Effects of Climate Variability on Tea Yields And Adaptation Strategies by Smallholder Farmers In Bomet County, Kenya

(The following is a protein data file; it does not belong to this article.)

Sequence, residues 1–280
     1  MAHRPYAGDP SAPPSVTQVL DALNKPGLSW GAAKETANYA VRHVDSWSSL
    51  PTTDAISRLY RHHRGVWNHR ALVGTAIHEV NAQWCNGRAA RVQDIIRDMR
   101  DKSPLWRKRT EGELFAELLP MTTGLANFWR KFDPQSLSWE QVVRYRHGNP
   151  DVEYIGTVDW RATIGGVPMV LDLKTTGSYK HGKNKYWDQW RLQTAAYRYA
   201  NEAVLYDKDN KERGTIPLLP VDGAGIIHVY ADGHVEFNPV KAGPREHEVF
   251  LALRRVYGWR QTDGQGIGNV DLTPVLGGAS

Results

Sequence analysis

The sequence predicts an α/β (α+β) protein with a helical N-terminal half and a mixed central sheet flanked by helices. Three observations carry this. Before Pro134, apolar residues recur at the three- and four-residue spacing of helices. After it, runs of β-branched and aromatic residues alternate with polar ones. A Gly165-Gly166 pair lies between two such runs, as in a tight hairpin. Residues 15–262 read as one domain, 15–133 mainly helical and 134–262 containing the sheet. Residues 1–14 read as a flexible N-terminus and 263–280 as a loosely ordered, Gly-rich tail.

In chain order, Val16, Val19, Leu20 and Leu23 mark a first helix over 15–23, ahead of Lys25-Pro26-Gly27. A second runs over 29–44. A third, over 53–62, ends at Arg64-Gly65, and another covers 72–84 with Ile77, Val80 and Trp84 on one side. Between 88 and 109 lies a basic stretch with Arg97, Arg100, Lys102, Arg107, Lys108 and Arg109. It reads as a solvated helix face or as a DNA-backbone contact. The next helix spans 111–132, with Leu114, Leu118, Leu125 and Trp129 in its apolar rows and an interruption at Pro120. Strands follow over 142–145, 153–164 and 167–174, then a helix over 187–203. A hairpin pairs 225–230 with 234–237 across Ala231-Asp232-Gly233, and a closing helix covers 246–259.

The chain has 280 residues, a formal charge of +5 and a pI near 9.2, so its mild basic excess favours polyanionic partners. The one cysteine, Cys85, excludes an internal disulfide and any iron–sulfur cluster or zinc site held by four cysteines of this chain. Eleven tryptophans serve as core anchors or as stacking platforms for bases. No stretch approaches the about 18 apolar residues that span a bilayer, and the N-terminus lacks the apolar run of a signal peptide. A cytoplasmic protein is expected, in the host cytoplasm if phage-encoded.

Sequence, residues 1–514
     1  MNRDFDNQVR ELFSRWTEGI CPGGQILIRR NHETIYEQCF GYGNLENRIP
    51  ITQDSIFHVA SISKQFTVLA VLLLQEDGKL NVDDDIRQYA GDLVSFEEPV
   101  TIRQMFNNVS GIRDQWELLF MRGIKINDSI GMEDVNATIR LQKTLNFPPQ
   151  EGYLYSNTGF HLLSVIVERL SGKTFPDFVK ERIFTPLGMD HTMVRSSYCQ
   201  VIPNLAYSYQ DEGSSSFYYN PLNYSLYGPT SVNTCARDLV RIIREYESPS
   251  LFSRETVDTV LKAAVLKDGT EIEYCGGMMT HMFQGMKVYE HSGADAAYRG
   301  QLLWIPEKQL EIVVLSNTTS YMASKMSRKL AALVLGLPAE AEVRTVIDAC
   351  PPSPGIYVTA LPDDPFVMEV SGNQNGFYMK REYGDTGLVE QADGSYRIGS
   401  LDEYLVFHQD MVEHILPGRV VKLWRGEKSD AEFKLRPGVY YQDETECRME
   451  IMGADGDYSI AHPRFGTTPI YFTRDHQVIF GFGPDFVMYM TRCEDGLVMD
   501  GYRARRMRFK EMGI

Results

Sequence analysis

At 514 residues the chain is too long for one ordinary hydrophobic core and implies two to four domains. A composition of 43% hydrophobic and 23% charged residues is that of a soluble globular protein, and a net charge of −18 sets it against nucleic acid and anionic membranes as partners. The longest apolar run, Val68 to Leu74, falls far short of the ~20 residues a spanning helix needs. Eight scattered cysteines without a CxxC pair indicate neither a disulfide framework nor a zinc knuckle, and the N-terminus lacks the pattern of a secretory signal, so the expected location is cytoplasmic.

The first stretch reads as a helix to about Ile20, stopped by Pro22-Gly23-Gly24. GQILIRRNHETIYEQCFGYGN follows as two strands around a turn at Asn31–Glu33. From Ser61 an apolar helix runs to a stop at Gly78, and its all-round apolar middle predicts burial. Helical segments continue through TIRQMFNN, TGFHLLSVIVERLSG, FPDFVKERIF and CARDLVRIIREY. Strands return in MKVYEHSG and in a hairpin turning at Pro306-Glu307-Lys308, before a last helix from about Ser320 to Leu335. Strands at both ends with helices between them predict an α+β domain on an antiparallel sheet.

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Changes in weather elements such as temperature and rainfall have a strong influence on tea yields. The extent to which climate variability has impacted on tea yields, the main source of livelihood in Bomet Central sub-County is still not documented. To bridge that gap, this study investigated the effects of climate variability on tea yields and the adaptation strategies by smallholder farmers in Bomet Central sub-County, Bomet County. The data used in the study include: observed monthly rainfall and temperature for Bomet Central sub-County obtained from Bomet Water Supply Weather Station and monthly tea yields data for Kapkoros and Tirgaga tea Factories obtained from Kenya Tea Development Agency from 1993–2013. The research was based on a descriptive survey design with a target population of 10,800 tea farmers with a sample size of 130 respondents. Questionnaires were used to collect data on adaptation strategies and determinant factors influencing adaptation strategies from farmers in the study area. Regression analysis and descriptive statistical methods of data analysis were used. Regression analysis was used for time series rainfall, temperature and tea output data over the 21-year period. Descriptive analysis involved computation of frequencies, percentages, mean and standard deviation of the data on adaptation strategies used by smallholder tea farmers. The first objective was to evaluate the effects of rainfall and temperature variability on smallholder tea yields in Bomet Central sub-County from 1993–2013. The results showed that Bomet County experienced a slight increase in rainfall and temperature trend by 6.471mm and about 0.029oC respectively per year. Pearson correlation showed that there was a weak positive relationship between rainfall variability and tea yields R=0.122 (R2=0.015) and a strong positive relationship between temperature and tea yields R=0.908 (R2=0.825). The second objective of the study was to determine the adaptation strategies used by smallholder tea farmers in response to climate variability in Bomet Central sub-County. Weed management to reduce competition for moisture (78.9%) and proper drainage systems on long and steep slopes (47.7%) were the most common adaptation strategies. The third objective was to investigate the determinant factors that influenced the adaptation strategies used by smallholder tea farmers in Bomet Central sub-County. Gender, age, education level and household size were vital in facilitating adoption of better and affordable climate variability adaptation strategies which enhances smallholders’ tea production. Based on the findings, the study concluded that rainfall variability has negatively affected tea production in Bomet Central sub-County. The study also concluded that there was a positive correlation between temperature and tea yields. Majority of tea farmers have embraced at least one adaptation strategy to climate variability but confirmed that they had never been involved in climate variability adaptation planning beforehand. The study also revealed that education, age and gender significantly influenced a number of these adaptation strategies. The study recommends that farmers be advised to enhance the use mulching, planting drought resistant tea varieties, planting cover crops during young tea stage and regular weeding to mitigate the effects of Rainfall variability. The study also recommends that the County and National Government institutions need to enhance the adaptation strategies used by farmers by providing advice on the need to plant drought resistant varieties such as purple tea so as mitigate the effects of climate variability. Purple tea processing units should also be established in the existing factories to allow farmers earn more profit.